Even more absurdly, after President Joe Biden’s March 8 announcement that the United States was banning Russian fossil fuel imports, Fox News hosts blamed him for instituting the same policy that they had previously demanded. Meanwhile, hosts and guests on the network praised oil and gas companies as “the greatest industry around the world,” deflected criticism of them as “unpatriotic,” and argued that they are “basically our national defense.”
Now, ahead of tomorrow’s hearings, Fox News has begun running cover for Big Oil executives by defending their companies’ massive profits and decision to sit on leases. For example, during the March 31 episode of America Reports, co-anchor Sandra Smith and her guest, Fox Business host Charles Payne, accused the Biden administration of “demon[izing] the oil industry” and defended the industry’s refusal to use its leases to drill for more oil. Later in the afternoon, during Your World, host Neil Cavuto also launched into a defense of the fossil fuel industry’s decision to sit on leases.
The next evening, during the April 1 episode of Jesse Watters Primetime, host Jesse Watters and his guest Douglas Murray continued the drumbeat by defending Big Oil CEOs, with Murray mocking renewable energy.
While Fox has carried the fossil fuel industry’s water, CNN and MSNBC have largely failed to capitalize on opportunities to contextualize the roles climate change and our dependence on fossil fuels play in exacerbating geopolitical conflicts. These networks have also produced sparse coverage about how clean energy, which can bring more price and geopolitical stability than fossil fuels, could usher in an era of economic and energy security.
CNN and MSNBC managed to devote a modest amount of coverage to the October 28 congressional hearing on Big Oil disinformation, providing the briefest glimmer of what accountability journalism could look like if cable news shows began seriously interrogating the fossil fuel industry. Tomorrow’s hearings will be a chance to build on this effort.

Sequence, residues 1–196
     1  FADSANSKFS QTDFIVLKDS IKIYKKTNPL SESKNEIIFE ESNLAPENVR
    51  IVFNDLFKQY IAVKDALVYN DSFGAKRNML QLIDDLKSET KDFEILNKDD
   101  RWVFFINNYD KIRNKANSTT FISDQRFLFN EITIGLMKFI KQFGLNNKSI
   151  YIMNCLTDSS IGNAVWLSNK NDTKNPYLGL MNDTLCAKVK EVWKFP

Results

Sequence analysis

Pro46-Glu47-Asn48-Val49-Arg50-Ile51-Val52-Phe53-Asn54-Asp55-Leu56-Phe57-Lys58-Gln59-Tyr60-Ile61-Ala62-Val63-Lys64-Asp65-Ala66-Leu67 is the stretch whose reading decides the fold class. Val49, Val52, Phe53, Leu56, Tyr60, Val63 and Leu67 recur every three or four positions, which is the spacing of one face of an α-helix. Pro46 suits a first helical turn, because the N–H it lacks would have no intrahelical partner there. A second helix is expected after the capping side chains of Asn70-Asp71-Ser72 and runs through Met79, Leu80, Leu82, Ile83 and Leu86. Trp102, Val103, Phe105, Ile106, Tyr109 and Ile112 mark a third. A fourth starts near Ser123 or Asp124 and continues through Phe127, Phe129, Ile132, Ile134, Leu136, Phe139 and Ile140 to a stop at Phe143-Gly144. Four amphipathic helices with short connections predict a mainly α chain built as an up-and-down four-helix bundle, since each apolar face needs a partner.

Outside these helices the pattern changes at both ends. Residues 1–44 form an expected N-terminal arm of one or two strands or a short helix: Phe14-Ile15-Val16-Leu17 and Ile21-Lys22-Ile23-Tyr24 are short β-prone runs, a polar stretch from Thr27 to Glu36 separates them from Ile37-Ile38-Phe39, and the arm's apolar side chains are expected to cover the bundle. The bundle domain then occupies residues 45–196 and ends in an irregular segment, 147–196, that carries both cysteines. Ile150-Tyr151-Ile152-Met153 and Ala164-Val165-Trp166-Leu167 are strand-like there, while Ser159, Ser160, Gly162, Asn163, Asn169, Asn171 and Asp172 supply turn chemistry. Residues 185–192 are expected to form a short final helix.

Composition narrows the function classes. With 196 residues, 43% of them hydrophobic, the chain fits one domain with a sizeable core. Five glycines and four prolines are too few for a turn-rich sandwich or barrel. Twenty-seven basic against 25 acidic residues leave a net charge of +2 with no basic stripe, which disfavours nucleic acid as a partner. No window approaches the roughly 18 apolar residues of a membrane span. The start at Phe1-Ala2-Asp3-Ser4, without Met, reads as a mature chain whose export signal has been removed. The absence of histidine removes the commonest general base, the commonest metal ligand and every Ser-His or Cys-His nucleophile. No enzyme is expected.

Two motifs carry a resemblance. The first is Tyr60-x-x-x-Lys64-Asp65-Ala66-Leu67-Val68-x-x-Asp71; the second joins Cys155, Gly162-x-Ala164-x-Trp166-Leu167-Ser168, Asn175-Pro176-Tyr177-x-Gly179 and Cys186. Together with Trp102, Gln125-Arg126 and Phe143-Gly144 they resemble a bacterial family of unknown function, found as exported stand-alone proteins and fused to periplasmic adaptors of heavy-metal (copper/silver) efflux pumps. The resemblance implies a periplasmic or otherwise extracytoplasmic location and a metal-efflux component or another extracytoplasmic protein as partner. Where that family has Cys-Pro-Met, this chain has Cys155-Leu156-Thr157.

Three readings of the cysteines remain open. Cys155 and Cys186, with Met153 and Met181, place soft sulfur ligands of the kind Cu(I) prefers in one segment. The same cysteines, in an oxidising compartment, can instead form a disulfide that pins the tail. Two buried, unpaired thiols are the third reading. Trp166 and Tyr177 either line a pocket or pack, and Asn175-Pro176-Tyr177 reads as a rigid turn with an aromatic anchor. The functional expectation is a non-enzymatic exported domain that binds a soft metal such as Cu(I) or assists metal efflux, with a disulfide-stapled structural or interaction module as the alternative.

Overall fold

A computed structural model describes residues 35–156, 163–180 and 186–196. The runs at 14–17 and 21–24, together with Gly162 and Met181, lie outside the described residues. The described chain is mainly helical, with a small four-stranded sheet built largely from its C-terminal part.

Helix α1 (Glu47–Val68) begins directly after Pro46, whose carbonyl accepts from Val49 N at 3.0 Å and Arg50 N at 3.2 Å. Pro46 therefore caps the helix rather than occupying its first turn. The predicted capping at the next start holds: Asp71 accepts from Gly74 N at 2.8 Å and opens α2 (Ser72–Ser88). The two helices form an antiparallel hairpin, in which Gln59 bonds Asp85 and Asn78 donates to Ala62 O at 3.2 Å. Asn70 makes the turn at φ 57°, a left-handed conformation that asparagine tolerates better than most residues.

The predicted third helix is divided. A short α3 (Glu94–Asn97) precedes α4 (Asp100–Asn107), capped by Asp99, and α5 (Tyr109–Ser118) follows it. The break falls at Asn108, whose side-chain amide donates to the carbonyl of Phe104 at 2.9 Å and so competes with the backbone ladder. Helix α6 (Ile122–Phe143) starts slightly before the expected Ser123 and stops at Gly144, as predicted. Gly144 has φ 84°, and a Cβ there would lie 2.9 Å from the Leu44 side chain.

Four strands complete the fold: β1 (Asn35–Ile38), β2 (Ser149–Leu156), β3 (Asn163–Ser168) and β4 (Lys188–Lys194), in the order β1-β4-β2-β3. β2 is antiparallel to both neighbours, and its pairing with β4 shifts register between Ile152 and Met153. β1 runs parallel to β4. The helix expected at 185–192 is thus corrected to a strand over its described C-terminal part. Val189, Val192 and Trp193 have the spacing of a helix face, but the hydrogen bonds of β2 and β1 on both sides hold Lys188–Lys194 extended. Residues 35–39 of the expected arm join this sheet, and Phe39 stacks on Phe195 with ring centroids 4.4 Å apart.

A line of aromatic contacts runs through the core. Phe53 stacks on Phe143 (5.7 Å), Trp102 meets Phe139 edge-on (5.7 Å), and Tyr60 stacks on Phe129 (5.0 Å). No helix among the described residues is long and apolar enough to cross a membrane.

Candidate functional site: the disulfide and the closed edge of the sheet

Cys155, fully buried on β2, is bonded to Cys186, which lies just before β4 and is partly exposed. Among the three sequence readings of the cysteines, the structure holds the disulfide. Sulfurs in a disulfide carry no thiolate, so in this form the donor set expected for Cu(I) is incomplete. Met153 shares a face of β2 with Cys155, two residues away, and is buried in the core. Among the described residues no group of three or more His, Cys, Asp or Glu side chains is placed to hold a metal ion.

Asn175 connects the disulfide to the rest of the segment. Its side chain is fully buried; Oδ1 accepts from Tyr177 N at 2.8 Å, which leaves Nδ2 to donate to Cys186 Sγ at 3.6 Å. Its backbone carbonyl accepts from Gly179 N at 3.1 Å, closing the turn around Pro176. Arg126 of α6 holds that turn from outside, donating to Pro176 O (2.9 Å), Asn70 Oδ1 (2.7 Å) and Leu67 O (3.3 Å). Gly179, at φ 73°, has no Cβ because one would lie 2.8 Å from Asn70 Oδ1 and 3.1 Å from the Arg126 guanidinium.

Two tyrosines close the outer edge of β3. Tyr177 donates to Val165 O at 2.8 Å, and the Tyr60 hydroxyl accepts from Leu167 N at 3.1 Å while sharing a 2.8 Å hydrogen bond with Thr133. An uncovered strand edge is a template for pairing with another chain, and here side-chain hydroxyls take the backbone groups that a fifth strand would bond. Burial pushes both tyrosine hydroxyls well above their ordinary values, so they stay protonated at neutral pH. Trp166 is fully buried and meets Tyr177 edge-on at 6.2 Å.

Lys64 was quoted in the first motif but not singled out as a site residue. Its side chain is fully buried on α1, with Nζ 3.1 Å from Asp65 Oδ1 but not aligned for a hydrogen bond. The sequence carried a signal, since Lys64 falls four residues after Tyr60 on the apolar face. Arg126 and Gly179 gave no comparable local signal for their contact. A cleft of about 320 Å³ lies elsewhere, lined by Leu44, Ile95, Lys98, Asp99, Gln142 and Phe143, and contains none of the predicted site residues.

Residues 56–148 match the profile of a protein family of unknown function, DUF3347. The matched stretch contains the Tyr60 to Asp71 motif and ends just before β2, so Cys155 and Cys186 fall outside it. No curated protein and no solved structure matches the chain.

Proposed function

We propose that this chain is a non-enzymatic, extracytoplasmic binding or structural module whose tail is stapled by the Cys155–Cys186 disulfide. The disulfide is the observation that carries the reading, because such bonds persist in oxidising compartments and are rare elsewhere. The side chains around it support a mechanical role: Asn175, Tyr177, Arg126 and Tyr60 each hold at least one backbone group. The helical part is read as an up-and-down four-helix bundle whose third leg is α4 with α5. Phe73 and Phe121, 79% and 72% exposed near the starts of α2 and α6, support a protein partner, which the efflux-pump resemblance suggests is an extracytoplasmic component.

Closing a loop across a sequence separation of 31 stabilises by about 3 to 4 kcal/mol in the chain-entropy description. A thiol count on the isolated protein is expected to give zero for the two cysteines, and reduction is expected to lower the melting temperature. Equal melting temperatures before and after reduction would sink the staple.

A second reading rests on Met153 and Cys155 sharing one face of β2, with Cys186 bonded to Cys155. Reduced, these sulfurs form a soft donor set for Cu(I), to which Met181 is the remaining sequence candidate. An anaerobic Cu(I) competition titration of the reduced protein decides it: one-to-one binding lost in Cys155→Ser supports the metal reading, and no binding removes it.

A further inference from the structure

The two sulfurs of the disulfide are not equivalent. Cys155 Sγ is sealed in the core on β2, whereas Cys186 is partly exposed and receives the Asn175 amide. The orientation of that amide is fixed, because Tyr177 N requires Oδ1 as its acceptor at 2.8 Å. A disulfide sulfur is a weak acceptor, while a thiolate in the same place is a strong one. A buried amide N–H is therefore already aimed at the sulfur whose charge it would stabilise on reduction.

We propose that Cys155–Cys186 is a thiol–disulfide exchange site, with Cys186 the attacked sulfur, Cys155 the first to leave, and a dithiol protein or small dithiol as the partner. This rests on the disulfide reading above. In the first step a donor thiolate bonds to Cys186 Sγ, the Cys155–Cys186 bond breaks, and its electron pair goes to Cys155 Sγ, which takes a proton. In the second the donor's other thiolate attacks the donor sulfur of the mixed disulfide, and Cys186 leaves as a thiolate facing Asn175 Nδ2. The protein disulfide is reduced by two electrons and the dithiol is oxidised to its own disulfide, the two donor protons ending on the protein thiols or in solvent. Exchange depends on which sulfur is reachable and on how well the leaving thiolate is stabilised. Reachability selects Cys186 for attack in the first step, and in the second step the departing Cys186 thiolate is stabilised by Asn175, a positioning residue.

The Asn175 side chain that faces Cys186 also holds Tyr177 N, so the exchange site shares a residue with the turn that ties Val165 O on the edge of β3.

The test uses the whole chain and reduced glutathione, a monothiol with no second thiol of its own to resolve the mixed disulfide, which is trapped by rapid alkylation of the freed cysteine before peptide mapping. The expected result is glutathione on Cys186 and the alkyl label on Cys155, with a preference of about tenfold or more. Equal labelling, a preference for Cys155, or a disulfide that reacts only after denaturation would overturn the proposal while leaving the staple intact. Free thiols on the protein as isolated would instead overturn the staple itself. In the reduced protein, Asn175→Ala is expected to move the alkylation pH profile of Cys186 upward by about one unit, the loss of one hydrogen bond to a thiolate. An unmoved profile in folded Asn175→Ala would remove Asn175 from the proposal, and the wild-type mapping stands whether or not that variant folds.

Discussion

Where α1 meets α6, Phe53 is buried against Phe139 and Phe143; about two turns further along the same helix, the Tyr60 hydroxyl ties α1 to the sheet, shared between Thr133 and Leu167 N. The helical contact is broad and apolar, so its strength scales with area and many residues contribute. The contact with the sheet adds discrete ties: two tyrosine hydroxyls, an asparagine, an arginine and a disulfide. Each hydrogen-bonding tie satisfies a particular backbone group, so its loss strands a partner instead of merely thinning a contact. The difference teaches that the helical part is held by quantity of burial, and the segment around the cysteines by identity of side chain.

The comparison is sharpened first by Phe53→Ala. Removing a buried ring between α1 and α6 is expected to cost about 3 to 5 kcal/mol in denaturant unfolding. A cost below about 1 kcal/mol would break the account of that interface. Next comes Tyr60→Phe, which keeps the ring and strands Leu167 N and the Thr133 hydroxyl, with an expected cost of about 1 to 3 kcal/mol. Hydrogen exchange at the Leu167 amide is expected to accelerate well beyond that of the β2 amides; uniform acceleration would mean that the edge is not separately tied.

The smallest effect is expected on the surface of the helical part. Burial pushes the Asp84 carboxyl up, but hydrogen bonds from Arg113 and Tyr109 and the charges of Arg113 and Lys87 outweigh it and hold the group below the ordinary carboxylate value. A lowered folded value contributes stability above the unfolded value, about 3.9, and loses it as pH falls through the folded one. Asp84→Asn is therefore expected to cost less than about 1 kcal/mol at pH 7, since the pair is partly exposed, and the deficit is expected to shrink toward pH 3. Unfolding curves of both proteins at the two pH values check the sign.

What the latest IPCC report says about the need to transition away from fossil fuels
Time is running out for meaningful climate action, according to the latest United Nations Intergovernmental Panel on Climate Change (IPCC) report, which focuses on mitigation. It is a damning indictment of climate inaction by western governments such as the United States that have been captured by fossil fuel interests. The report found (citations removed):
One factor limiting the ambition of climate policy has been the ability of incumbent industries to shape government action on climate change. Incumbent industries are often more concentrated than those benefiting from climate policy and lobby more effectively to prevent losses than those who would gain. Drawing upon wider networks, campaigns by oil and coal companies against climate action in the US and Australia are perhaps the most well-known and largely successful of these.
To avert climate disaster, the world must immediately transition away from fossil fuels and scale up renewable energy. According to Grist:
The authors’ top recommendation: Immediately move away from fossil fuels and replace them with renewable technologies. According to the panel’s calculations, the climate pollution associated with existing and planned fossil fuel infrastructure is already enough to launch the planet past 1.5 degrees C and potentially past 2 degrees C of warming. New fossil fuel infrastructure is incompatible with international climate goals, and up to $4 trillion of fossil fuels and related infrastructure will likely have to be abandoned by 2050 in order to keep within safe temperature limits.
Political barriers — rather than scientific, monetary, or technological ones — are currently holding the world back from urgent climate targets, the report stressed. Although some countries’ policies have helped avoid significant carbon emissions, world governments are still disproportionately investing in fossil fuels rather than renewable energy.
This report, released two days before the congressional hearing, has thus far received scant coverage from a corporate broadcast and cable news coverage, similar to the measly coverage of the second IPCC report that was released earlier in the year. The hearing represents yet another opportunity for cable news networks to discuss the report on its own merits and provide further context on the climate and energy aspects of the crisis in Ukraine, especially the fossil fuel industry’s profiteering.
This moment demands accountability journalism from national TV news outlets
Even though the hearings will be focused on price gouging, they are still a climate story — one about how the fossil fuel industry continues to thwart much-needed climate action. Fox News will be loath to cover this stark reality, but CNN and MSNBC should take every opportunity to hold the fossil fuel industry accountable. Climate journalism will never reach its pinnacle if cable news shows refuse to identify what actions must be taken to mitigate global warming’s worst consequences and who is standing in the way.